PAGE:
So far, the cardiovascular stimulatory effects of coffee have been linked to sympathetic nerve activation by caffeine. Indeed, also in our study, intravenously applied caffeine did induce this expected response. However, we here provide evidence that in nonhabitual coffee drinkers, the cardiovascular activation by coffee is independent of caffeine content. In fact, decaffeinated coffee led to an increase in MSA and BP similar to that caused by caffeine-containing espresso, suggesting that substance(s) other than caffeine mediate sympathetic activation and the BP increase after coffee drinking. This interpretation is supported by other findings: The ingestion of a triple espresso did not cause any increase in BP in habitual coffee drinkers, probably because of induced tolerance. However, the differences in the BP changes between habitual and nonhabitual coffee drinkers were not related to a loss in sympathetic nerve activation by caffeine. To the contrary, intravenous caffeine evoked similar changes in sympathetic activity in both groups. Thus, tolerance to coffee also does not appear to be related to caffeine. A placebo effect in nonhabitual coffee drinkers cannot be excluded with certainty; however, the pattern changes over time, with a slow, progressive increase in BP and MSA, in line with the increase in circulating caffeine levels, which suggests a true pharmacological effect.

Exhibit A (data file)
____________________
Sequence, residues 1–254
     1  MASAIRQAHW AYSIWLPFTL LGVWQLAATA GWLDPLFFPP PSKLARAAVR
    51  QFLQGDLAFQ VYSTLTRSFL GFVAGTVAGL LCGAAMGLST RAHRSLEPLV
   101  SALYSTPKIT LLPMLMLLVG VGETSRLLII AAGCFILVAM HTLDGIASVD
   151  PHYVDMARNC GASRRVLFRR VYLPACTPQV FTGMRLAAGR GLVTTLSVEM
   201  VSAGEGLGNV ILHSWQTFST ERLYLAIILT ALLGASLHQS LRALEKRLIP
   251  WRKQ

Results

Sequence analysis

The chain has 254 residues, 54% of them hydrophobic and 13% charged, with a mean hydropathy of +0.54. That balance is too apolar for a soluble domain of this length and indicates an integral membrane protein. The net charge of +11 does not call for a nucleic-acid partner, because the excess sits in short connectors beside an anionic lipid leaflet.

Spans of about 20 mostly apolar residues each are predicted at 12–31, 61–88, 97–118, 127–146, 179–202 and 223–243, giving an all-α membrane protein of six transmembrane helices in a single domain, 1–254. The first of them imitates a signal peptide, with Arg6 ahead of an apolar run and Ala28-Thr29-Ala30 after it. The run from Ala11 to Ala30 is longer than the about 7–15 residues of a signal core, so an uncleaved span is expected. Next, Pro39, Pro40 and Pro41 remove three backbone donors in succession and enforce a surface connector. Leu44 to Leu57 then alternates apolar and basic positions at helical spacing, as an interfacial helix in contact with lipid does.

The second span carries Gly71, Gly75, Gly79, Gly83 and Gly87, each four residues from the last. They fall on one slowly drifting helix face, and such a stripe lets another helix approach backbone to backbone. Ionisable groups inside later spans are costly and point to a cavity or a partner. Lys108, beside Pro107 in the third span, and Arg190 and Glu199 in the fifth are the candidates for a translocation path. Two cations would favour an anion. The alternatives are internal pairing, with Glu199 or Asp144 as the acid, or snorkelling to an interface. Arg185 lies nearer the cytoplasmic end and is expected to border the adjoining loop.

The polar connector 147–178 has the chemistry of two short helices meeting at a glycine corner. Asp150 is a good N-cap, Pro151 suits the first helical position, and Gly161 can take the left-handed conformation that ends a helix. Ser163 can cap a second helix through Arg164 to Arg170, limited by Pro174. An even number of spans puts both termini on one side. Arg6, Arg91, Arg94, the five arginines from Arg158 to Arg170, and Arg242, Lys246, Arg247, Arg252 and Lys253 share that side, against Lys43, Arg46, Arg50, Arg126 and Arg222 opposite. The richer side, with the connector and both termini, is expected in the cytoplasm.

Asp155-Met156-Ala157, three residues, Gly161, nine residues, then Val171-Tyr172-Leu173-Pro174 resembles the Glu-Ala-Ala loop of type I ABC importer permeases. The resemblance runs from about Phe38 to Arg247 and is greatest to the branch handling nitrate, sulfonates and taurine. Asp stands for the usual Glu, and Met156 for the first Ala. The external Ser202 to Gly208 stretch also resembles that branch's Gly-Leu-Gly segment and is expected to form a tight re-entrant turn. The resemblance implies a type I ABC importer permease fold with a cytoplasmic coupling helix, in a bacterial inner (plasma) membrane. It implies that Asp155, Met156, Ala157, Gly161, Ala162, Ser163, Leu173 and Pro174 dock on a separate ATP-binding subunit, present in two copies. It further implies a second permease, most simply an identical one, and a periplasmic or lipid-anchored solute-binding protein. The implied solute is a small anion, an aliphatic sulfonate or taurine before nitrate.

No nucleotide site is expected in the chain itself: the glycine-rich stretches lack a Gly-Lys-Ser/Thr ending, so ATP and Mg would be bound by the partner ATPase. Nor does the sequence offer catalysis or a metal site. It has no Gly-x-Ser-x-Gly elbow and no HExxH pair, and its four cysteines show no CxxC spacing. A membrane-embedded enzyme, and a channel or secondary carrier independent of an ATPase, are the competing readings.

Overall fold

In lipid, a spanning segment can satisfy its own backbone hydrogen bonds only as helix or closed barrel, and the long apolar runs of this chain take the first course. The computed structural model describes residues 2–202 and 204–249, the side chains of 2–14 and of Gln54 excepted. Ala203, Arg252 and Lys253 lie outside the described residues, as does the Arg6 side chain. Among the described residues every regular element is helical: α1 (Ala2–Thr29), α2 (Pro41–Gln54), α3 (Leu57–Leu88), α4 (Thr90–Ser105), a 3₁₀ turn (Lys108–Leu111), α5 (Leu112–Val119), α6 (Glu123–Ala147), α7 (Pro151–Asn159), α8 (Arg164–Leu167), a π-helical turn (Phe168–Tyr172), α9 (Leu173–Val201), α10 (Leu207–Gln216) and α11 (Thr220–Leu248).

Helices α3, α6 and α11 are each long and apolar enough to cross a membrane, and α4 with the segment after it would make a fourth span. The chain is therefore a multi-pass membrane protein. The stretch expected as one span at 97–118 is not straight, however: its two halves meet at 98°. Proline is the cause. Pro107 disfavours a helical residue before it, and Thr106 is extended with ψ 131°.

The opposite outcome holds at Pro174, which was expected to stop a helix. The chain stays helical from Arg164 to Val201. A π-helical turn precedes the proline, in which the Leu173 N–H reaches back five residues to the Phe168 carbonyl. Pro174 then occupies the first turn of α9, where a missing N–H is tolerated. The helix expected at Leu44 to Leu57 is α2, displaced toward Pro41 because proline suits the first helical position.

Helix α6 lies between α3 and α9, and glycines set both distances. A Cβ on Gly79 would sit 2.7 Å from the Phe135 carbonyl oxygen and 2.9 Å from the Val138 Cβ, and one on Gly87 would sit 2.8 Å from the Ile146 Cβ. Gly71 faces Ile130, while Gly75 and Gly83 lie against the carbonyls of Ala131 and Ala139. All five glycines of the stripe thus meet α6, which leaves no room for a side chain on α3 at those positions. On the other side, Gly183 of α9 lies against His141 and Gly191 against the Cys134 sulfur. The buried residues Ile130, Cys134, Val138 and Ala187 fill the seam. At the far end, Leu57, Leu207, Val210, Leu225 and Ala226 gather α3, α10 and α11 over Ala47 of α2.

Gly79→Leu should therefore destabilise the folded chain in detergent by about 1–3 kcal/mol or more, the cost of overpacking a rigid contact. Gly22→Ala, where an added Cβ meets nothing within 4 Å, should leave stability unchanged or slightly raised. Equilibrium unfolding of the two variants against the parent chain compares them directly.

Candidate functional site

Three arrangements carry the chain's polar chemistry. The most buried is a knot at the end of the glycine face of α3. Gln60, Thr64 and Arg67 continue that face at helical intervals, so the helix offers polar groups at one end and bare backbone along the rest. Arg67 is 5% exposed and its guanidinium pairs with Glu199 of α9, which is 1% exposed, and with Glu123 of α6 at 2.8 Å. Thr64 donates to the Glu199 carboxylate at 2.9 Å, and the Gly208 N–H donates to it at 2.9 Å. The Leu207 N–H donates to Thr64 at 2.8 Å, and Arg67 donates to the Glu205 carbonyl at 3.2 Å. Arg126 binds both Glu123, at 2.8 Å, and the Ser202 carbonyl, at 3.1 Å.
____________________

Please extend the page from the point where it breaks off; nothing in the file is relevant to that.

According to our results, the impact of habitual versus nonhabitual coffee drinking is so important that appropriate stratification of patients seems essential in analyzing any data in this field. In fact, most of the studies on the acute effect of caffeine or coffee reporting a pressor effect were performed in nonhabitual coffee drinkers14 or after a prolonged abstinence.22 The acute effect of coffee drinking in habitual coffee drinkers has never been documented, whereas epidemiological studies are mostly based on habitual coffee drinkers. Recently published epidemiological studies failed to demonstrate a clear association between increasing levels of coffee consumption and risk of cardiovascular morbidity or mortality,3 and even a beneficial effect has been postulated.5
It is quite possible that the potential adverse effects previously adjudicated to coffee could be significantly less apparent when consumed regularly. Indeed, on the basis of our results—and epidemiological studies8—it is likely that in normotensive individuals without a genetic background for hypertension, coffee drinking cannot be considered a risk factor for hypertension. Whether offspring of hypertensive parents react differently to coffee or caffeine—as they do to mental stress12—remains to be investigated. Certainly, in habitual coffee drinkers, coffee restriction does not seem to be medically necessary. Identification of the ingredient(s) of coffee other than caffeine responsible for cardiovascular activation could lead to new forms of coffee truly lacking undesirable stimulants.